permaculturists

What permaculturists are doing is the most important activity that any group is doing on the planet. We don’t know what details of a truly sustainable future are going to be like, but we need options, we need people experimenting in all kinds of ways, and permaculturists are one of the critical gangs that are doing that.
—  Environmentalist David Suzuki 
permaculture.co.uk
Permaculture & Indigenous Cultures
Maddy tells the story of discovering a forest garden high up in the Bhutanese Himalayas. The gardeners had never read a permaculture book or taken a course. Isn't it time permaculturists acknowledge where our knowledge has come from and show greater respect towards the indigenous people who have grown polycultural stacked food systems for millenia?

Permaculturists can spend rather a lot of time trying to explain what permaculture is and I am no different. In many ways it is rather a difficult word, a concept that is alien to our post-industrial western society. What we can forget to do is to attribute its origins. It was not really ‘invented’ by two Australians, Bill Mollison and David Holmgren, in a bolt of enlightenment. I believe it evolved, and was coded from, protracted study of perennial systems in agroforestry, tree cropping, Yeoman’s keylining and specifically Bill’s interaction with, and observation of, Aboriginal and other indigenous peoples and their practices wherever he travelled. These ways of observing and working with nature are the legacy and heritage of indigenous peoples all over the globe. They do not call it permaculture. They have often not heard the word, yet they understand nature’s patterns and use them to create polycultural, perennially based, energy efficient homes, gardens, farms, communities… These are found all over the world where remnants of those cultures have been allowed to survive. They deserve acknowledgement and respect.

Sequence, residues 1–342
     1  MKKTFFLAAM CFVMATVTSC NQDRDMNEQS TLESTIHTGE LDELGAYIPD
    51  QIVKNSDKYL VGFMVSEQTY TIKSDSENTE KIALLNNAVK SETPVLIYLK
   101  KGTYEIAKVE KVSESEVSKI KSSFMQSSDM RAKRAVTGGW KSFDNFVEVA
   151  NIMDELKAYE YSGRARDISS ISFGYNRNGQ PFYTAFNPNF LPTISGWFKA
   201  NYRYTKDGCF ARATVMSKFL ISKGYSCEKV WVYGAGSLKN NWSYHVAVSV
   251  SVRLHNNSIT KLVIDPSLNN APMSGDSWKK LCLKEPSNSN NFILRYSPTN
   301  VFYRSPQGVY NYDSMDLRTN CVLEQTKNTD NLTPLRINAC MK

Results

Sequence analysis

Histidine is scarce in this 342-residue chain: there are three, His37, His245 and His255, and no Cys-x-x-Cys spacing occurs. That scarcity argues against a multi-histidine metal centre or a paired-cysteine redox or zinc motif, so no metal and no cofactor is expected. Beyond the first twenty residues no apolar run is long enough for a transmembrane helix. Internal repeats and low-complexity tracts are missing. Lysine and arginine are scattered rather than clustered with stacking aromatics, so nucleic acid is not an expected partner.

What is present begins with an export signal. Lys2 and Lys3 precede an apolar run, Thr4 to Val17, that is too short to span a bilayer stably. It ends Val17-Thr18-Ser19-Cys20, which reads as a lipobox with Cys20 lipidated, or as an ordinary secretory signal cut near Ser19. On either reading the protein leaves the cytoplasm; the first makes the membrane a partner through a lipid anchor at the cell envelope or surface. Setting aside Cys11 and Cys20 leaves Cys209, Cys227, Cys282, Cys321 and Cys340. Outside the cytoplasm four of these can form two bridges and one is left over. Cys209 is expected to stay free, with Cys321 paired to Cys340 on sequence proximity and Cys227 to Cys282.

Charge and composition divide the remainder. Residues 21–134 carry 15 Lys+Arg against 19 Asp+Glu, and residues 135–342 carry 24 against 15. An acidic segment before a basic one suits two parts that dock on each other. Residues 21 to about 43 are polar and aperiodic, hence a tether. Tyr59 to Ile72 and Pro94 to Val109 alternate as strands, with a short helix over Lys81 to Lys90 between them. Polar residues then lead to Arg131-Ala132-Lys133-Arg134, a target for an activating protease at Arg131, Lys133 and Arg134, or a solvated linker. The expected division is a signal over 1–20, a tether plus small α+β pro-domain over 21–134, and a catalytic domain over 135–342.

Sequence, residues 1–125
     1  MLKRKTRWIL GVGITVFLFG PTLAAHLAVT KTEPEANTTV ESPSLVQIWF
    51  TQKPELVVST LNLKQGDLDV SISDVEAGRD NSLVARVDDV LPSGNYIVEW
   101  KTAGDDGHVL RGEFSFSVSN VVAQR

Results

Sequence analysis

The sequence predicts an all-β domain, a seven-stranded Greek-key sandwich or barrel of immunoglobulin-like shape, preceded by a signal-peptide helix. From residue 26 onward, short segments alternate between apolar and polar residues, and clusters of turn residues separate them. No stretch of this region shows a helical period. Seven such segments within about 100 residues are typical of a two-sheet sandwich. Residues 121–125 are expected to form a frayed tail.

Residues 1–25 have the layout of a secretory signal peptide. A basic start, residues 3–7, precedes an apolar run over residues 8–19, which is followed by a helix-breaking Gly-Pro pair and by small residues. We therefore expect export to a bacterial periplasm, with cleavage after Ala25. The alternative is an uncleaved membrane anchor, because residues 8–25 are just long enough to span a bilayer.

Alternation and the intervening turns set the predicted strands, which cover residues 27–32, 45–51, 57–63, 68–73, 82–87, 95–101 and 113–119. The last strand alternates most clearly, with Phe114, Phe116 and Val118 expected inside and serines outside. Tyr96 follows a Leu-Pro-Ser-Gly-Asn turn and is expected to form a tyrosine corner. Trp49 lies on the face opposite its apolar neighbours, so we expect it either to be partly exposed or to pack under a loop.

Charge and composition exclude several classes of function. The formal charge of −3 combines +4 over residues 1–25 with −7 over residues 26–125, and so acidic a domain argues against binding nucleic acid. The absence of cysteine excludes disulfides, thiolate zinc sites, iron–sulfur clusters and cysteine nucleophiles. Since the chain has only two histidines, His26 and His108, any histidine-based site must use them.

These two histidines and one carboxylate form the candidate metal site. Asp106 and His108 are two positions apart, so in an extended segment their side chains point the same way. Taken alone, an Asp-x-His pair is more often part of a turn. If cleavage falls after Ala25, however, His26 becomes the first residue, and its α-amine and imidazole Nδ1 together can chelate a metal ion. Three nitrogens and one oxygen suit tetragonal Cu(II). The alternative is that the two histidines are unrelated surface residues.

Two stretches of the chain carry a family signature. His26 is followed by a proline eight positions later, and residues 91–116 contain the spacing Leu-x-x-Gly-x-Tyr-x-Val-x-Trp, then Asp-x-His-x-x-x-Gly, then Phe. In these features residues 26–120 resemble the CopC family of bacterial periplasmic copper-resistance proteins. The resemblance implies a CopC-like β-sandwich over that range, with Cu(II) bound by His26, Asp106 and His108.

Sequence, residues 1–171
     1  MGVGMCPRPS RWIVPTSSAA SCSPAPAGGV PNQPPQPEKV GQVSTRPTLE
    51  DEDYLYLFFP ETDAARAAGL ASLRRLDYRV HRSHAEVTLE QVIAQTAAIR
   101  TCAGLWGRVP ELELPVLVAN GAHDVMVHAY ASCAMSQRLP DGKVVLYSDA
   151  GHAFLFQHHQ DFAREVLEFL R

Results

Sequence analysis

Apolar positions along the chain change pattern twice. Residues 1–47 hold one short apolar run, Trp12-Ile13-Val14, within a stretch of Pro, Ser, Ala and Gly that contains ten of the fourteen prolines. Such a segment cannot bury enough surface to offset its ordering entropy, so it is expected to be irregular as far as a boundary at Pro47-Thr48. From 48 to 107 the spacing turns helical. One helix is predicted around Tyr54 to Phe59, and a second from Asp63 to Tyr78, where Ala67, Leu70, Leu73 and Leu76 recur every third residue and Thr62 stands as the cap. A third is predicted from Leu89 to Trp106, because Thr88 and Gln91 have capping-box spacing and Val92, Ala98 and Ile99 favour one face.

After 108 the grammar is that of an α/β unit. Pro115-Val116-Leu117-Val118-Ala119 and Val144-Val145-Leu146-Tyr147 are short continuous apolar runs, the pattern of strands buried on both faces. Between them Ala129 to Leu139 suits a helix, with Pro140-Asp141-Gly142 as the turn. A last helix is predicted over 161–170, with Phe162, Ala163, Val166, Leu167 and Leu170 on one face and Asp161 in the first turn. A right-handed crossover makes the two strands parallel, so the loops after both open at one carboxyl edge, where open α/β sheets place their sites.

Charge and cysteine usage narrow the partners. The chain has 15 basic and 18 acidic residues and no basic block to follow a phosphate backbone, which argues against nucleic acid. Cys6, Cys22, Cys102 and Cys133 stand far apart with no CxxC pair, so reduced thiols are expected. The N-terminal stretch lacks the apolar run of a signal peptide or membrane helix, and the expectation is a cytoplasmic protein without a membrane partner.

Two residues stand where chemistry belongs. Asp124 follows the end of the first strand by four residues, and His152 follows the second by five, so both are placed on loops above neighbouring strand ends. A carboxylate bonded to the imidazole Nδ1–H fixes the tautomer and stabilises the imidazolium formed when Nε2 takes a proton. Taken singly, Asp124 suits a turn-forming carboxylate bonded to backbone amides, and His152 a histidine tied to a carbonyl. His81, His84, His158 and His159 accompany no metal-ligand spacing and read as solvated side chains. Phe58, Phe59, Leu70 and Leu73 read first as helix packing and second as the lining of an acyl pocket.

Read the whole article from Permaculture Magazine here.

Permaculturing my dad’s ranch in the high desert southwest. His sandy red desert soil is currently host to 150 fruit trees supported only by a well water fed drip system that clogs with sediment and rock constantly. We are about to change that by drastically improving his orchard soil with swales, soil build up, and guilds. Dug swales last weekend so this weekend we are bringing up green waste courtesy of our local reuse program to begin lasagne layering the soil around the orchard. Would love any tips from fellow desert permaculturists on whether or not woodchips and rocks at the base of each tree is enough? They are currently exposed with bare soil. Debating on whether to add compost, peat moss, biochar, etc. #greeningthedesert #desertpermaculture #permaculture #biochar #biodynamics #permacultureorchard #permaculturefarm #farmlife #greenmanure by lick_the_moon https://instagram.com/p/5SDbl3KhZr/